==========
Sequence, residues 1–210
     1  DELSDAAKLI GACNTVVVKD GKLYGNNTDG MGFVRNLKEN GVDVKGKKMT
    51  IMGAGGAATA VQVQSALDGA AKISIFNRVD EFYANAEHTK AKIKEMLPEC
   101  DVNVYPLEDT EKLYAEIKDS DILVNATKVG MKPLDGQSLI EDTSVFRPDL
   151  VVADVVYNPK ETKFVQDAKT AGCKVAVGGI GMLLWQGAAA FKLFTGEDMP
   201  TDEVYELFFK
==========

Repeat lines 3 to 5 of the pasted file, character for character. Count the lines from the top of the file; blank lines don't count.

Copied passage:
    51  IMGAGGAATA VQVQSALDGA AKISIFNRVD EFYANAEHTK AKIKEMLPEC
   101  DVNVYPLEDT EKLYAEIKDS DILVNATKVG MKPLDGQSLI EDTSVFRPDL
   151  VVADVVYNPK ETKFVQDAKT AGCKVAVGGI GMLLWQGAAA FKLFTGEDMP